A previous study using a control strain not bred for high activity showed a 19.5% increase in food consumption with mice that had wheel access (24). In contrast, our study showed no significant difference in food consumption (less than 10%) between DBA/2J runners DBA/2J non-runners, though it is recognized that the strain used by Swallow and colleagues (24) may have been more active than the DBA/2J strain, possibly resulting in the higher food consumption in their study. We have previously shown that caloric intake of C57Bl/6 mice fed either a high-fat or high-carbohydrate diet (ad libitum) did not differ between mice that had access to a running wheel compared to those that did not have access to a running wheel (10). Assuming food intake is related to energy expenditure, as supported in the literature, it is possible that because the DBA/2J mice have such a low level of running-wheel activity that the DBA/2J non-runners were able to achieve a similar activity level (energy expenditure) within their cage as those with a wheel, and thus the food consumption levels were similar. Our results support previous findings which suggest that energy expenditure of wheel activity accounts for only a small percentage of the total daily energy expenditure (12) and that access to a wheel may decrease other activities that result in energy expenditure, such as climbing on the cage lid (8, 21). This idea is further supported by studies showing that mice increase home-cage activity when housed without wheels (16). Thus, the DBA/2J non-runners, in the absence of wheels, possibly increased home-cage activity to similar levels of DBA/2J runners, as evidenced by similar levels of food consumption and weight gain. On the other hand, when using a prediction equation to estimate the oxygen cost of wheel-running (19), the DBA/2J runners would have expended approximately 1.78kcal/day in order to perform their running wheel activity. While daily food consumption was not significantly different between DBA/2J runners and non-runners, the DBA/2J runners consumed an average of 0.4g/day more food than the DBA/2J non-runners (Figure 1). The standard chow used in this study provided 3.1kcal/g of metabolizable energy; thus, when accounting for this additional 0.4g of food the DBA/2J runners consumed an average of 1.24kcal/day more than the DBA/2J non-runners. This additional caloric intake (1.24kcal) is similar to the caloric expenditure of the wheel activity (1.78 kcal). Based on these values it appears the DBA/2J runners consumed a greater amount of food to support the running, though the difference was not significant.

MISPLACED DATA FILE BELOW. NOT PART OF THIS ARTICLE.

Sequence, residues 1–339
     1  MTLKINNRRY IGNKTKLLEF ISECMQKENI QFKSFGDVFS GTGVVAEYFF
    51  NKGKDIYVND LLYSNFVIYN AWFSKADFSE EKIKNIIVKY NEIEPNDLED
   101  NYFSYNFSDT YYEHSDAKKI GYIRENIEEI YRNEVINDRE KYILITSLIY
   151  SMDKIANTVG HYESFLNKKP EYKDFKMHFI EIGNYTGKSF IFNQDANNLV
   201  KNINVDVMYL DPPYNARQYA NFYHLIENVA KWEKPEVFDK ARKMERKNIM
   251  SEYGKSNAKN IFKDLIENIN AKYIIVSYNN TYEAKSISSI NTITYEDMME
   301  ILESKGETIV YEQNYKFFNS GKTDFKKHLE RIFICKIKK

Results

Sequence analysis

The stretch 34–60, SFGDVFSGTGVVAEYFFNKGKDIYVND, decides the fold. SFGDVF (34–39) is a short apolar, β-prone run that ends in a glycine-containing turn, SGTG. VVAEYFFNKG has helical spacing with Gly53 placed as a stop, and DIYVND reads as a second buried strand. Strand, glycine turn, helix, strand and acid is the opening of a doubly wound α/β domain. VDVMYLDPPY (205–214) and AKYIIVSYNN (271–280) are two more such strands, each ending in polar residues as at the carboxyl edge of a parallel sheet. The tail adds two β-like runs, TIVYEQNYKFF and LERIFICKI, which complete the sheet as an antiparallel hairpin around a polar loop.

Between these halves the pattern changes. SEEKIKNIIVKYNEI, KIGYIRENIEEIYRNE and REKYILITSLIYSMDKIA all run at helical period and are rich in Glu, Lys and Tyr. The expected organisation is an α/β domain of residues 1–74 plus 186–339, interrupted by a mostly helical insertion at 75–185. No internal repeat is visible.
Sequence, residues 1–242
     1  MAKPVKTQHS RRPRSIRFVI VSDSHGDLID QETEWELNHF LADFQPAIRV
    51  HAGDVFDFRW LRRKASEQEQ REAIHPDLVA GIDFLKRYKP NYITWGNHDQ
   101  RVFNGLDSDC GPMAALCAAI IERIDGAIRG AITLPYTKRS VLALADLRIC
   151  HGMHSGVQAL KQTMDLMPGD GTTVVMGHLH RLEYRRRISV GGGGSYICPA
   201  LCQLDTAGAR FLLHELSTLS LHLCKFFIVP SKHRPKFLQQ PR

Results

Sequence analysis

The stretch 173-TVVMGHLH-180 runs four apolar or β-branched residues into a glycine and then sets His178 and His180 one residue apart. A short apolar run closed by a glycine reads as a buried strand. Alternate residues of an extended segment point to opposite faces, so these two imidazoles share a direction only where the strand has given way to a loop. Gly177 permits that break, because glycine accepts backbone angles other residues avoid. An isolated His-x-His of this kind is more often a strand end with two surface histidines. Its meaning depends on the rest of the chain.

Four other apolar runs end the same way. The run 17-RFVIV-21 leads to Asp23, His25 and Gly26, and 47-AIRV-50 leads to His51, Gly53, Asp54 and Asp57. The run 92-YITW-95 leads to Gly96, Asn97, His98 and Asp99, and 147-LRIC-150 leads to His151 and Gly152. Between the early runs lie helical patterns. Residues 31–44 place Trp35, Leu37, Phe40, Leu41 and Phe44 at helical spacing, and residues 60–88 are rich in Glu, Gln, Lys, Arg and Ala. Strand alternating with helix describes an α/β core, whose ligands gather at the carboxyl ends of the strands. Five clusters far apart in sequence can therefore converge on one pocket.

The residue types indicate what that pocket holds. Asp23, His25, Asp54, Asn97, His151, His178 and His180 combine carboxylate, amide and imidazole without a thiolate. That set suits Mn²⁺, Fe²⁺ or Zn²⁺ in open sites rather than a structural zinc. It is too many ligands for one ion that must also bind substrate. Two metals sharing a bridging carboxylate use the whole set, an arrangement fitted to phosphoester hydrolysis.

There was no difference in body mass between the groups in our study (Figure 4), suggesting that SWR/J and DBA/2J mice may have instinctively balanced their food consumption with their energy expenditure. However, previous results are mixed as to the effect of wheel access on body mass in both male and female rodents, with some finding decreased or attenuated body mass with wheel use (3, 4, 17, 23, 25), and others finding that exercise had no effect on body mass (8, 10, 20). It is interesting to note that in several studies which suggested running-wheel activity decreased or attenuated weight gain, the mouse strains used tended to be highly active (3, 4, 23), while those that found wheel access had no effect on body mass used low-active strains (8, 10). However, Swallow and colleagues (22) found access to a running wheel for seven to eight weeks did not attenuate weight gain in the high-active strain to a greater degree compared to weight gain in the controls. Similarly, our study showed the running-wheel activity affected body mass for the high-active or the low-active strains in a similar manner, suggesting the increased running-wheel activity of the high-active strain was compensated by increased food consumption, or vice-versa. However, high-active hamsters that had access to a running wheel for one year increased food consumption by the second week compared to a non-wheel group, but no difference was found in body mass between groups until the sixteenth week (6). And in this case, the wheel group was significantly heavier than the non-wheel group (6). Nehrenberg and colleagues (17) found higher wheel activity was not always associated with weight loss. They concluded that changes in body fat may not always be due to the amount of wheel activity, further suggesting the influence of genetic background (17). However, it appears the mice in the Neherenberg et al. (17) study that had greater wheel activity also ate a greater volume of food compared to those that were less active.